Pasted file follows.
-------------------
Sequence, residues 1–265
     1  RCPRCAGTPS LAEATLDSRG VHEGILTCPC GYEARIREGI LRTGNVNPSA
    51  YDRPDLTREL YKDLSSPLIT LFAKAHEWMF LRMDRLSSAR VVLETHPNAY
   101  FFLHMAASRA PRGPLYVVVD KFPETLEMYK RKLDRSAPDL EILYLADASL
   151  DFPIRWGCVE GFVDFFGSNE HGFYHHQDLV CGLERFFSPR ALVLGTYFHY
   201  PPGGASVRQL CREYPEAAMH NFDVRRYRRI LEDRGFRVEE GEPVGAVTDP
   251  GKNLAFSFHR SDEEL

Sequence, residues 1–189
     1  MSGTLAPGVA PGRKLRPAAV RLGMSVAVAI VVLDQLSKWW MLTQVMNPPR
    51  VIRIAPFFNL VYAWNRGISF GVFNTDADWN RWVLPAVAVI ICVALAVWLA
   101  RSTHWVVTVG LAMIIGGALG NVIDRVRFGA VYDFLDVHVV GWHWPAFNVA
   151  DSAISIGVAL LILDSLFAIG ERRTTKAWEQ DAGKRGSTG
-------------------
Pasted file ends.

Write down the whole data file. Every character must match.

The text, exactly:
Sequence, residues 1–265
     1  RCPRCAGTPS LAEATLDSRG VHEGILTCPC GYEARIREGI LRTGNVNPSA
    51  YDRPDLTREL YKDLSSPLIT LFAKAHEWMF LRMDRLSSAR VVLETHPNAY
   101  FFLHMAASRA PRGPLYVVVD KFPETLEMYK RKLDRSAPDL EILYLADASL
   151  DFPIRWGCVE GFVDFFGSNE HGFYHHQDLV CGLERFFSPR ALVLGTYFHY
   201  PPGGASVRQL CREYPEAAMH NFDVRRYRRI LEDRGFRVEE GEPVGAVTDP
   251  GKNLAFSFHR SDEEL

Sequence, residues 1–189
     1  MSGTLAPGVA PGRKLRPAAV RLGMSVAVAI VVLDQLSKWW MLTQVMNPPR
    51  VIRIAPFFNL VYAWNRGISF GVFNTDADWN RWVLPAVAVI ICVALAVWLA
   101  RSTHWVVTVG LAMIIGGALG NVIDRVRFGA VYDFLDVHVV GWHWPAFNVA
   151  DSAISIGVAL LILDSLFAIG ERRTTKAWEQ DAGKRGSTG